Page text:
First-time home buyers big winners in budget, but will incentives work in B.C.?

[Vancouver Sun – March 19, 2019]

The federal budget offers incentives aimed at making housing more affordable for first-time buyers, but it remains to be seen whether they’ll work in the overheated B.C. housing market.

“We’ll want to look at the details, we’ll want to take a look at whether it will assist people in communities where unaffordability really is a crisis and housing prices are very high,” said B.C. Finance Minister Carole James. “I think that will continue to be a challenge.”

The budget, which was released Tuesday, includes a first-time homebuyer incentive that will allow those who have the minimum down payment for an insured mortgage to finance a portion through a shared-equity mortgage with the Canada Mortgage and Housing Corp.

Eligible buyers will be offered a 10-per-cent, shared equity mortgage for a new home or five per cent for an existing home. The government will recoup its costs when a home is sold. The incentive will be available to households with incomes under $120,000 and on mortgages no more than four times the household’s total income.

It’s expected that about 100,000 first-time home buyers across Canada could benefit over three years.

Thom Armstrong, executive director of the Co-operative Housing Federation of B.C., said such a measure isn’t unexpected in a pre-election budget, but the impact it will have in B.C. is questionable.

“It’s hard to really project how many people will be able to enter the home-ownership market as a result of this program that would not otherwise have that opportunity,” he said.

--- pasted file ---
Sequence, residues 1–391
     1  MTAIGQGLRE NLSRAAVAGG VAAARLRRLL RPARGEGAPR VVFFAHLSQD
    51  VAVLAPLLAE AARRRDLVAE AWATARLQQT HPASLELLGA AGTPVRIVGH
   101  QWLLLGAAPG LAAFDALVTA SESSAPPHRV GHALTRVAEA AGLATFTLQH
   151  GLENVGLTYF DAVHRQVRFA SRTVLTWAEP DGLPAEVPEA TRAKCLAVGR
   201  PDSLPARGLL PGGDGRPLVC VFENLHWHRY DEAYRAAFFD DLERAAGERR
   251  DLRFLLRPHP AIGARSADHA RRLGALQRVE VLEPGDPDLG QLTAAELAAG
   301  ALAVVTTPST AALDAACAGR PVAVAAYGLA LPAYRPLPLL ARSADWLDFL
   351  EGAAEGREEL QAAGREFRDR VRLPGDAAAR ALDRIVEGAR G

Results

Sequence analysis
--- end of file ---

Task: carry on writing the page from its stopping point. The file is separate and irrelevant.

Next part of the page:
Andy Yan, director of Simon Fraser University’s City Program, said the incentive program tries to deal with housing affordability by making a form of debt more available.

“These prices are so uncoupled with local incomes that you’re trying to offer these types of financing and borrowing devices to kind of bridge this decoupling,” Yan said. “I think that there’s likely going to be a series of unintended consequences.”

Yan pointed out that $480,000 doesn’t buy much in Vancouver or the region these days.

In February, the benchmark price for a detached home in Metro Vancouver was $1.44 million, and a townhouse was $789,300. The benchmark price of an apartment was $660,300. The Fraser Valley benchmark price for a single-family home was $958,900, while a town home was $516,000 and a condo was $409,700.

“If you’re looking at Victoria, Vancouver or the Lower Mainland, the Island, those prices are a challenge,” James said.

Mathieu Laberge, an expert with Deloitte, said the measures appear to target people who would be willing to rent or buy smaller condos, for example, outside a major urban centre.

“It may shift the decision-making of some buyers in larger cities,” said Laberge, a former policy adviser to Social Development Minister Jean-Yves Duclos. “You’re changing the relevant price between rental and home ownership in those areas, like the immediate suburbs of, for example, Vancouver and Toronto, which is a way to provide more options to households that would otherwise be priced out of the market.”

The federal government also plans to raise the maximum amount a first-time buyer can withdraw from an RRSP: $35,000, up from $25,000.

James said she was happy to see the federal government prioritize issues that are important to British Columbians and come up with measures that will complement what the province is doing to help affordability.